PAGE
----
NZ Herald 11 July 2014
A novel project aimed at giving 100 low-income families a public voice has found that almost all of them want to work – but face barriers that need to be overcome.
The year-long project has found many poor families feel “trapped” in unemployment by the cost of study, lack of transport, poor health, past criminal records, the time demands of dealing with multiple agencies, and by low-paid casualised work which is less secure than a benefit.
But they also have ideas on how to overcome these barriers, such as restoring training allowances for sole parents, free health care and subsidised dental care for low-income families, publicising the right for ex-criminals to “wipe the slate clean” for minor offences after seven crime-free years, more personalised social services, higher minimum wages and tougher monitoring of casual work contracts.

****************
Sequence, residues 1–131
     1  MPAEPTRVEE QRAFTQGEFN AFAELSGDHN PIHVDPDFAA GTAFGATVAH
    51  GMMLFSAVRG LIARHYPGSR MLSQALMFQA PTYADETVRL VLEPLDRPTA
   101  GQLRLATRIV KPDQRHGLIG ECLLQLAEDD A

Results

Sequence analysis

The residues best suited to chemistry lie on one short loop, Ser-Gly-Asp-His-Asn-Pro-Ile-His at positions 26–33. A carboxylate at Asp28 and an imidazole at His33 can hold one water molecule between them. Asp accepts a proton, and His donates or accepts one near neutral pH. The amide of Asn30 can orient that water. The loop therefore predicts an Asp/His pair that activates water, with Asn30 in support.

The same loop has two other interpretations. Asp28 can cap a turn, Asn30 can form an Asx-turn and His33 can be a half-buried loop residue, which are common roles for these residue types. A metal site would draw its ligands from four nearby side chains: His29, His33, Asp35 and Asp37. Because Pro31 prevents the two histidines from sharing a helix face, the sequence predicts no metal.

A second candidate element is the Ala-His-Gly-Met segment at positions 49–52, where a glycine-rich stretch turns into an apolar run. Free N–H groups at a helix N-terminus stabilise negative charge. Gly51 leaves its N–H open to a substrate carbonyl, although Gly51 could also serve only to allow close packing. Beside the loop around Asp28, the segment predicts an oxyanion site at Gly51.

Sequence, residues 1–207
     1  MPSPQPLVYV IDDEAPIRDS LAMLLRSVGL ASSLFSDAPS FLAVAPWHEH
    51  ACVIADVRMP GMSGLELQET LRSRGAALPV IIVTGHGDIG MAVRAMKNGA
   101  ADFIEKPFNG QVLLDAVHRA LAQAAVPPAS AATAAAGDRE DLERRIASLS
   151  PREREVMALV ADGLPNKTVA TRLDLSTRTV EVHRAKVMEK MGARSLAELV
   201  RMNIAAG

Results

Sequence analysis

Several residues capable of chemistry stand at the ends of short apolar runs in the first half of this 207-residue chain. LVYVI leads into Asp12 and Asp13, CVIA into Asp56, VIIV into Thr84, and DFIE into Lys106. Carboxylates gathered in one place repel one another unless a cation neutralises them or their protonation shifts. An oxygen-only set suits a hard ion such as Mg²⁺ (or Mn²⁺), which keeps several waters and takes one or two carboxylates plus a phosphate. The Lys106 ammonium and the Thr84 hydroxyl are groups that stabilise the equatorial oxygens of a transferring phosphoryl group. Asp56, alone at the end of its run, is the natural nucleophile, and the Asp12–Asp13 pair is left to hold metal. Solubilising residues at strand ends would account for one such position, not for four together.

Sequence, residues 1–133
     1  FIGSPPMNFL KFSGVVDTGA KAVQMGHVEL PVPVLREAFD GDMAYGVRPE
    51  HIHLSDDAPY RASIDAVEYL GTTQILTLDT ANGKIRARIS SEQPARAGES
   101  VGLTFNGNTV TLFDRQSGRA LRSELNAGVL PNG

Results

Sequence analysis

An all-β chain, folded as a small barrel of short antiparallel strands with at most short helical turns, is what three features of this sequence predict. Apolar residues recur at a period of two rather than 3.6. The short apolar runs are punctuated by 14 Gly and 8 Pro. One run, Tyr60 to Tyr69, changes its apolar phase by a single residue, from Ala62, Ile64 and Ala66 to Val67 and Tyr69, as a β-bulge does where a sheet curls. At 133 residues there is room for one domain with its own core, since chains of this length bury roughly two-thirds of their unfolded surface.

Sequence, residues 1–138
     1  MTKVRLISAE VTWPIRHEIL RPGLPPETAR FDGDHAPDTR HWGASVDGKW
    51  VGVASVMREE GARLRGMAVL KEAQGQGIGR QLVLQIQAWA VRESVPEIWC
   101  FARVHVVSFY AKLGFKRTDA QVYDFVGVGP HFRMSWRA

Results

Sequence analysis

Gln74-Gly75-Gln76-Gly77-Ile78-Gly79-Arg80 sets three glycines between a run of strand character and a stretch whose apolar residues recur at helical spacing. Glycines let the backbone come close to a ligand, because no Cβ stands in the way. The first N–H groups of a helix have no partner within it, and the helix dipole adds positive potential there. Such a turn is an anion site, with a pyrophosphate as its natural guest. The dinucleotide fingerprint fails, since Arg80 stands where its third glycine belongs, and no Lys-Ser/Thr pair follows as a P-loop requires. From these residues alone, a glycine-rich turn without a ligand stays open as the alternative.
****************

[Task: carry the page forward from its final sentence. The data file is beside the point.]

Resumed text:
“Our families tell us that income levels, including the minimum wage and base benefit levels, must be reviewed to ensure that the most basic human needs of food, shelter, healthcare and education may be met without the need for them to take on crippling and unsustainable debt,” a report on the project says.
The project has been carried out by Auckland City Mission staff and academics with 100 families who have been long-term users of some of the 70 foodbanks which the mission supplies from Kaitaia to Thames.